The following are impressions of content, not descriptions of the content itself. Spoilers are kept to a bare minimum, so if you want to know what happens, go visit your local comic shop and get your hands on the book.
Warren Ellis made his return to the Wildstorm universe last month with the release of the first issue of The Wild Storm, the flagship series in DC’s revival of the wayward imprint. It has been 7 years since Wildstorm shuttered in 2010, so when Ellis teased its return in October of last year, fans were naturally intrigued. To sweeten the deal, the book boasts the artistic talents of Jon Davis-Hunt, who is currently also working on another terrific ongoing series with Gail Simone, Clean Room. Slated for a 24-issue run and theoretically functioning as the launch pad for several other new titles, it seems the series will focus on the rivalry between two powerful (and incredibly shady) organizations.
Ellis kicks things off in the first issue with his signature blend of intrigue, futurist techno-jargon, clever dialogue, and of course, violence. There isn’t much in the way of on-page gore in the first issue, instead we see a lot of the aftermath, leaving the machinations of our first handful of characters to the reader’s imagination. Set in a world where amazing technology exists, the various characters introduced all appear to be tied up in the same web of secrecy and espionage. As each scene plays itself out, we become increasingly aware of forces that we do not yet understand, but the setting and characters are beefy enough to keep things interesting.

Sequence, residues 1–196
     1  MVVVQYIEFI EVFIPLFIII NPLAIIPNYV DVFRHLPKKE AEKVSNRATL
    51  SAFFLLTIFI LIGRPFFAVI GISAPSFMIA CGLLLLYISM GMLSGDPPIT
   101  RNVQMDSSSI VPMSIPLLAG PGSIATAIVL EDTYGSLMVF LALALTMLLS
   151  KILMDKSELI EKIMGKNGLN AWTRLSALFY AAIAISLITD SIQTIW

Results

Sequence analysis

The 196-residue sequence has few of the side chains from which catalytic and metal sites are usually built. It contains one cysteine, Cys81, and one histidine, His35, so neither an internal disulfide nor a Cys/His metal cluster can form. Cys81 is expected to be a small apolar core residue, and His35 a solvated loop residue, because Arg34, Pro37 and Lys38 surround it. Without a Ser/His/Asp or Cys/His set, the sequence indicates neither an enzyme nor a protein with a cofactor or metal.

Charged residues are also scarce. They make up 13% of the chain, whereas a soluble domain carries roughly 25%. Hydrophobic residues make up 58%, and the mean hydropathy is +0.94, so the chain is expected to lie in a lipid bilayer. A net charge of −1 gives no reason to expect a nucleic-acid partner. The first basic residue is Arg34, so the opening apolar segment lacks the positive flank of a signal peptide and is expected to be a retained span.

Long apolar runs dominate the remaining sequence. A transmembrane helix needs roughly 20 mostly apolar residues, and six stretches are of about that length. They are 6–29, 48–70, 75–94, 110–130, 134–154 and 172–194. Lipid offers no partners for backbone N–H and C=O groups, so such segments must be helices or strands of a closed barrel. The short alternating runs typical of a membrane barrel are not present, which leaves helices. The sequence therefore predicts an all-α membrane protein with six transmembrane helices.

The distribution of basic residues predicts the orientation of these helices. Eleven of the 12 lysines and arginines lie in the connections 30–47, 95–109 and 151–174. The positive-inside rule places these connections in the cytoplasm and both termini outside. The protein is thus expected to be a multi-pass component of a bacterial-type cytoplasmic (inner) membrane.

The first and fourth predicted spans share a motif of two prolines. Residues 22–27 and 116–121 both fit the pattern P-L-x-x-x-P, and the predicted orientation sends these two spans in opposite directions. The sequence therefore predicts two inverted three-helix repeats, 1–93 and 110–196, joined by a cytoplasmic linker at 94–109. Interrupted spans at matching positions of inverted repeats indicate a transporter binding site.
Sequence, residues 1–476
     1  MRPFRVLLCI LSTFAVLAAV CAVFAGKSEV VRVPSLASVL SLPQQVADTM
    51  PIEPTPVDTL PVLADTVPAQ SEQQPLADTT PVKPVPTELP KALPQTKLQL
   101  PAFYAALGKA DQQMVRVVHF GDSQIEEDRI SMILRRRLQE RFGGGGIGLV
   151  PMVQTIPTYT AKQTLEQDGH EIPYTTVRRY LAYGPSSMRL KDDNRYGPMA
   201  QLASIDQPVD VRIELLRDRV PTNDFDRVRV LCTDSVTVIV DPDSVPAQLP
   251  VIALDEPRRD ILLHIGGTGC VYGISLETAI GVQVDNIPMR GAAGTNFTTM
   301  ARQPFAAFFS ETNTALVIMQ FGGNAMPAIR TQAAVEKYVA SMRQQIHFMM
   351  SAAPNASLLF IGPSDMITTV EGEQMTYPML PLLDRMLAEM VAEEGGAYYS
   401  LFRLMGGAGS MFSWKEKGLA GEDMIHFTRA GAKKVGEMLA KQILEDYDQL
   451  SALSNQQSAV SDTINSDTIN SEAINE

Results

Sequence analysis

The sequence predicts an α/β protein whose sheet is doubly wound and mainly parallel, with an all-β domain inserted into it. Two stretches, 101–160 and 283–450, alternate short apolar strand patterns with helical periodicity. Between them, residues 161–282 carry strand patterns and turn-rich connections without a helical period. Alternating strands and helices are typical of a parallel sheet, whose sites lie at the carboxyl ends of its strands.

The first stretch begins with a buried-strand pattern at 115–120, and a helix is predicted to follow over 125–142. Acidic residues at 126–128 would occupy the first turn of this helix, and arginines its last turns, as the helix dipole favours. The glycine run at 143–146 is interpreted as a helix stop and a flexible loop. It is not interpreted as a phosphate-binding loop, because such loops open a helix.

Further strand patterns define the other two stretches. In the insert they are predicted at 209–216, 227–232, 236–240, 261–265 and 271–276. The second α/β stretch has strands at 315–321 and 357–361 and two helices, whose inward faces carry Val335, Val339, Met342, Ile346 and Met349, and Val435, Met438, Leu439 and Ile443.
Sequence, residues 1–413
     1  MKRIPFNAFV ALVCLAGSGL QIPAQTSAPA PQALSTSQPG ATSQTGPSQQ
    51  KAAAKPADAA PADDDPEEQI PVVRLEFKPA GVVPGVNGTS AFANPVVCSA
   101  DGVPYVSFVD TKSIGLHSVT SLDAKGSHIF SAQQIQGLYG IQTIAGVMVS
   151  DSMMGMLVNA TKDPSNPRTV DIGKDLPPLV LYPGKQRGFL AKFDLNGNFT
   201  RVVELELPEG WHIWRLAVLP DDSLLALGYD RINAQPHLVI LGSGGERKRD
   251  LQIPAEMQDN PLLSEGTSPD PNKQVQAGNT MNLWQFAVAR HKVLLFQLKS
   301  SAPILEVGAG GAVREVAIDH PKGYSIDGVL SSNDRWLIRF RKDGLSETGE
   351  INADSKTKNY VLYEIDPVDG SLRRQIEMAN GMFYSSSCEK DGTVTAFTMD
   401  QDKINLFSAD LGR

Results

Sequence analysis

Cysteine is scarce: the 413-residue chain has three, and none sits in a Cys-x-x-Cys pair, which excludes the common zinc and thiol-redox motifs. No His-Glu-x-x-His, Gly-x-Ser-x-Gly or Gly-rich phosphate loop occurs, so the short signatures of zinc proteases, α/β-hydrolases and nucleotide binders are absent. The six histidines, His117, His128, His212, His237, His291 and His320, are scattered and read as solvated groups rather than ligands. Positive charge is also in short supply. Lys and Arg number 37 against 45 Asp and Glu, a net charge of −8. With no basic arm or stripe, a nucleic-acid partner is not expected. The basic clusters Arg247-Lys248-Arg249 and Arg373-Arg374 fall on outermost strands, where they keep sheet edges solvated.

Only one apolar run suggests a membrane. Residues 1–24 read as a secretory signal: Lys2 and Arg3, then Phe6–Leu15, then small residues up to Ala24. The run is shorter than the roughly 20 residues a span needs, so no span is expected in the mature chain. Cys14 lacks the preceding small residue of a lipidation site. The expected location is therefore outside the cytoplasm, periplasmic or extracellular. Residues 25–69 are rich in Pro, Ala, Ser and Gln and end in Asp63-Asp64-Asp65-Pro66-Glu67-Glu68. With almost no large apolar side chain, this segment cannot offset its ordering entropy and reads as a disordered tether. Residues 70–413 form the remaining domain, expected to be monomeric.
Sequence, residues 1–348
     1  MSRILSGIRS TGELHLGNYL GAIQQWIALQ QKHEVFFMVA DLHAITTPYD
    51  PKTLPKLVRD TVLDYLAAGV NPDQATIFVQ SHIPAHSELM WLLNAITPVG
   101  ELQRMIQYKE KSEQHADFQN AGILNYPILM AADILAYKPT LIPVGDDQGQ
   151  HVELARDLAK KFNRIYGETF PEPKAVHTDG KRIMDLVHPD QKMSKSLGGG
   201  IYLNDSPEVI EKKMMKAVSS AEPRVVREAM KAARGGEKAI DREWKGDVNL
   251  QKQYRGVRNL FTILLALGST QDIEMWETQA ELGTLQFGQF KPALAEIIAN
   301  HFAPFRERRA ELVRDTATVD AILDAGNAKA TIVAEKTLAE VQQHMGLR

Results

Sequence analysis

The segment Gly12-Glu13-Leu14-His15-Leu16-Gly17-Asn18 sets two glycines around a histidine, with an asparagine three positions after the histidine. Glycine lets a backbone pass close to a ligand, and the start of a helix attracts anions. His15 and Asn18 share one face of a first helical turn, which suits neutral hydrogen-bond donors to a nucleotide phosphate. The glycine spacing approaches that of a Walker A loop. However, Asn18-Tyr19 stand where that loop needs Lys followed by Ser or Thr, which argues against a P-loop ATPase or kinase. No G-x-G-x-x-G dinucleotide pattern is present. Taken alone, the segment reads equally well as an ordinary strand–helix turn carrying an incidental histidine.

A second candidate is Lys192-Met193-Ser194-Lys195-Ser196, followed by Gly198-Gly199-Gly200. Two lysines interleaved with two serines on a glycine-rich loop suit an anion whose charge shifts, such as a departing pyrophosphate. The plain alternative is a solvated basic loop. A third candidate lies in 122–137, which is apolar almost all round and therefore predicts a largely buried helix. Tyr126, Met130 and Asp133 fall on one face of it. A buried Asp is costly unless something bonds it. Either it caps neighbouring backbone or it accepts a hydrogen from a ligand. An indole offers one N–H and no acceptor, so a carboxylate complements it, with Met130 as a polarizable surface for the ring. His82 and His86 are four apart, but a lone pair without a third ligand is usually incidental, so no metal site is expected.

Davis-Hunt’s art is top notch in this book, and I enjoy taking in the expressions on his characters’ faces. There are also some great sequences in this issue, but I’m really looking forward to seeing him stretch his legs on some action scenes down the road.
On the downside, there are a couple of moments of exposition that seem to drag on a bit longer than they should, though this feels more like a let’s-get-this-out-of-the-way-early tactic than something that will continue to pop up throughout the series.
Overall, if you have issues with slow burn story lines that make you wait for answers, or find early exposition to be an unforgivable faux pas, this might not be for you, however, I think it’s a fine beginning and The Wild Storm has plenty of room to grow as character motivations become clearer, plots begin to converge, and fan favorites start to materialize.